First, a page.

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In ways more subtle than any of us can really imagine, artificial intelligence is changing the entire hiring experience. At a very basic level, so-called AI “bots” scan resumes for keywords, forcing candidates to adjust their resumes to “beat the bots.” However, recruiters are stepping up their use of AI to include things like facial recognition technology, as well as sophisticated algorithms that predict the overall “fit” of a candidate with a specific company, department, or job function. And some recruiters are using AI to determine who even gets to see a new job opening in the first place – without you even realizing it, you may have been passed over for a potential job, thanks to an AI bot that flagged a few of your personal traits or background experiences as not being a good match.
Getting past the three-second rule
So why are recruiters embracing AI throughout the hiring process? One big reason has to do with saving time and boosting efficiency. Any new job posting might get hundreds, if not thousands, of resumes in response, leaving recruiters feeling overwhelmed. The standard rule of thumb is that any human recruiter will spend less than three seconds examining your resume to see if you make the first cut. As a result, human recruiters are usually looking for reasons to exclude you from this first cut – a simple misspelling might be enough to get your resume discarded.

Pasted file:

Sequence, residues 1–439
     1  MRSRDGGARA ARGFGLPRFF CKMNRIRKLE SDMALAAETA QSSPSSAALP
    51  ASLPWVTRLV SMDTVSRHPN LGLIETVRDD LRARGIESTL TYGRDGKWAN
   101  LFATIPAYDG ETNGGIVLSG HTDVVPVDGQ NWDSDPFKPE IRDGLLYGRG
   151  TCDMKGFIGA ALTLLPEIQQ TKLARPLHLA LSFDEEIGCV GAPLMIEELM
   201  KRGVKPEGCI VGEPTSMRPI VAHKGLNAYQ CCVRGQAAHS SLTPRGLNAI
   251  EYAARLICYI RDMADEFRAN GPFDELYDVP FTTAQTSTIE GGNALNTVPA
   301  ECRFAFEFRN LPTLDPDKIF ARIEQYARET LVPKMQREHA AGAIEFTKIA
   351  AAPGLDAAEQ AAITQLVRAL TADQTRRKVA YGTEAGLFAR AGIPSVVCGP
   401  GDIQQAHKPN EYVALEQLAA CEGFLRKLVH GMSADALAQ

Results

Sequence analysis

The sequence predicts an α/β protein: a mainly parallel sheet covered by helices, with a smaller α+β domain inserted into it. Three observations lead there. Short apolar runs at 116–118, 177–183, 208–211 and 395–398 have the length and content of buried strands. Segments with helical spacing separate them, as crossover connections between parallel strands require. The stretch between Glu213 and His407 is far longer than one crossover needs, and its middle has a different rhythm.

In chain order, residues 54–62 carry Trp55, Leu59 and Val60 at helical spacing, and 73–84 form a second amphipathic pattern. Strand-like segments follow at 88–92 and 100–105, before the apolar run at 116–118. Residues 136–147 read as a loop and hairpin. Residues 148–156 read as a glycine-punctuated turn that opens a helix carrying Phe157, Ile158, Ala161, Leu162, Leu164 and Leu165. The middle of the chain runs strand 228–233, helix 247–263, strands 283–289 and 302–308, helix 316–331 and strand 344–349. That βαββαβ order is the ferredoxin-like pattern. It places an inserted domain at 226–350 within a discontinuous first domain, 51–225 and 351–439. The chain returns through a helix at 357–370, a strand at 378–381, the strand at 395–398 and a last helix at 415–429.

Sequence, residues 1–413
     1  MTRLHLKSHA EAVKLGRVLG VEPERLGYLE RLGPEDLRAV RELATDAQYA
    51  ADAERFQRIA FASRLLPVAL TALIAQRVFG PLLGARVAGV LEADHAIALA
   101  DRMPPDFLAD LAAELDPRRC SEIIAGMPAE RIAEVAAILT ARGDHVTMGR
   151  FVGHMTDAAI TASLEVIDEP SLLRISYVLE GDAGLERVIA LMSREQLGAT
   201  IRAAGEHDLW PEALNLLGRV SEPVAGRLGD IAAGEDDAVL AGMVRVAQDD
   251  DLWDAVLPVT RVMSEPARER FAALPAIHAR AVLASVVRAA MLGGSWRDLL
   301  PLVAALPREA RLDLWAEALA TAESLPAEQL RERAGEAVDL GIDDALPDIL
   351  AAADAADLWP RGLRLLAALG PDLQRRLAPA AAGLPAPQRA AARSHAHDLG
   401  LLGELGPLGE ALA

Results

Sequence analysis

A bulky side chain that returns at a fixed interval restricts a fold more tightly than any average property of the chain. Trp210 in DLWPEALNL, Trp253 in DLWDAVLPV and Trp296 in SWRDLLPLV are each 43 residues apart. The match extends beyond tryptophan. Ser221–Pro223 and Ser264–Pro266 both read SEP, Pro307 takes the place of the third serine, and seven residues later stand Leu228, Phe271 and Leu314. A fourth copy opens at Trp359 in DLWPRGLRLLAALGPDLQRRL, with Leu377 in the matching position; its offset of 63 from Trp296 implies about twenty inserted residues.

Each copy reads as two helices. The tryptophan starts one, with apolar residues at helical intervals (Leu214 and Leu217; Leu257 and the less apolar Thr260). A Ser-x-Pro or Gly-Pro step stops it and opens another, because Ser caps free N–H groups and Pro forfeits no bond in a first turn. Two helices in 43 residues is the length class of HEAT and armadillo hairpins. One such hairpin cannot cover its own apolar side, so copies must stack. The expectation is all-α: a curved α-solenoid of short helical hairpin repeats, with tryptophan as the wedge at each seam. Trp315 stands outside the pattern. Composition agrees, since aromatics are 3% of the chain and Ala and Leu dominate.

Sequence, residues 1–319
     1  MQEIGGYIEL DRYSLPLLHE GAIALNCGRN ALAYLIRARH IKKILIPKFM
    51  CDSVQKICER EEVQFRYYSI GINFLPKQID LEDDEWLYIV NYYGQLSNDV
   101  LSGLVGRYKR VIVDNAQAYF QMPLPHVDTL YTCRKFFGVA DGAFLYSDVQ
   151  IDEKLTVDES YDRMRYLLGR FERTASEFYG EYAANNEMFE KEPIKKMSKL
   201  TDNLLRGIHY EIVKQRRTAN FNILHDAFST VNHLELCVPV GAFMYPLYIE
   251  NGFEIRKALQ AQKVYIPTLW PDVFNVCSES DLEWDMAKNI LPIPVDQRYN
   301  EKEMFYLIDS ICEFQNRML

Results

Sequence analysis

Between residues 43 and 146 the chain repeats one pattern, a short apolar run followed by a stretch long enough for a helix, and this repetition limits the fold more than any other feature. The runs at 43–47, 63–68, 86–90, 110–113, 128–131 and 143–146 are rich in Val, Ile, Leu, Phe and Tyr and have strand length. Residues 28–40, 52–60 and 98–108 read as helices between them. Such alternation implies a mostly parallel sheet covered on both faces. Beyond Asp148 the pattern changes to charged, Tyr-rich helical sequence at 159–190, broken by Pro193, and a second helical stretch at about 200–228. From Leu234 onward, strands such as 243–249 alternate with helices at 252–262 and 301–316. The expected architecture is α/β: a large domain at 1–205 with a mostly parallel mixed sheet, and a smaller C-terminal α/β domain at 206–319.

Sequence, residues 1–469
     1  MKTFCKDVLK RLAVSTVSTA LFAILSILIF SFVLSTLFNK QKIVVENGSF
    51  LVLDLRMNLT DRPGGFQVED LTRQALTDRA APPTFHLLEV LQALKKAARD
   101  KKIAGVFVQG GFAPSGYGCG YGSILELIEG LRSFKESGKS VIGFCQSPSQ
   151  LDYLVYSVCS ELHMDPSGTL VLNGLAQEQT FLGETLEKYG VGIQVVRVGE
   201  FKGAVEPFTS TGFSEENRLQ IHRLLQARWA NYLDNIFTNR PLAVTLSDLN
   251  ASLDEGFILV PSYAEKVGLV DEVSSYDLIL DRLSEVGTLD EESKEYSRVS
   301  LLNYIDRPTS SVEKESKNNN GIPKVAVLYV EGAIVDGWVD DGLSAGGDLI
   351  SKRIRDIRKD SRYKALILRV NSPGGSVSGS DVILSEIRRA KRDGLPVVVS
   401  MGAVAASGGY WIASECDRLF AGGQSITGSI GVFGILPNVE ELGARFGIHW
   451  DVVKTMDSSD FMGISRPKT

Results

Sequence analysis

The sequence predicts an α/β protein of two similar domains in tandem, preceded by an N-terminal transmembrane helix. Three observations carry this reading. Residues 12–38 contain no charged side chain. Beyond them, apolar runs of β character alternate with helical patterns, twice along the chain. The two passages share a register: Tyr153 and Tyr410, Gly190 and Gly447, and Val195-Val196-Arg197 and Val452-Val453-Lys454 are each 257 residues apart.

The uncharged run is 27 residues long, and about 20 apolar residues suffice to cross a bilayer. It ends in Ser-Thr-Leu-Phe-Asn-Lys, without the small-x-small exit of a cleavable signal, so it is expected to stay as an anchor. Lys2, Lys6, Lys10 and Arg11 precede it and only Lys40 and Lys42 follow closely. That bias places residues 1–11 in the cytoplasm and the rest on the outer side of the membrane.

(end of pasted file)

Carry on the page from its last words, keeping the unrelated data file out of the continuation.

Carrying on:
Using AI, the thinking goes, is one way to ensure that every candidate gets a fair shake. An AI bot can peruse thousands of resumes, and can give each resume the attention that it deserves. Moreover, AI might be able to pull out a sparkling gem of a resume that a human might have bypassed entirely due to the three-second rule.
Removing humans from the hiring process is dangerous
But here’s the big problem – we’re quickly reaching a point where humans (and by extension, “humanity”) are being removed from the entire hiring process. Chatbots are now conversing with candidates. Instead of face-to-face interviews, recruiters are embracing video interviews with candidates that can be examined using AI-powered facial recognition technology. You might be able to bluff your way past a human hiring manager, but just try to bluff your way past an AI algorithm!
And the real danger here is what some AI theorists refer to as the black box problem. All the decisions being made by an AI algorithm are soon going to be inscrutable to humans. It will be as if the decision was made by a black box, and humans will have no idea what just happened. Remember in school when teachers would give you extra credit for showing your “thought process” for how you solved a particular problem? Well, there’s no such equivalent (yet) in the world of AI. A job hiring bot might decide it likes a particular candidate, but be entirely unable to tell a human why. And that opens the door to all kinds of biases and assumptions – if an AI has been “trained” on the wrong data set, watch out!
Right now, AI is a shiny new toy in the hands of recruiters. At large corporations, it’s now possible to train AI algorithms on very robust data sets and add value to the hiring decision in new ways – such as by predicting how long a candidate will stay at the company or by finding all the hidden variables that determine cultural fit. However, don’t be distracted by this shiny new toy. Do you really want to live in a world where AI machines determine whether or not you get a new job or promotion? The more that humans are removed from the hiring process, the less humane the whole hiring process is going to become.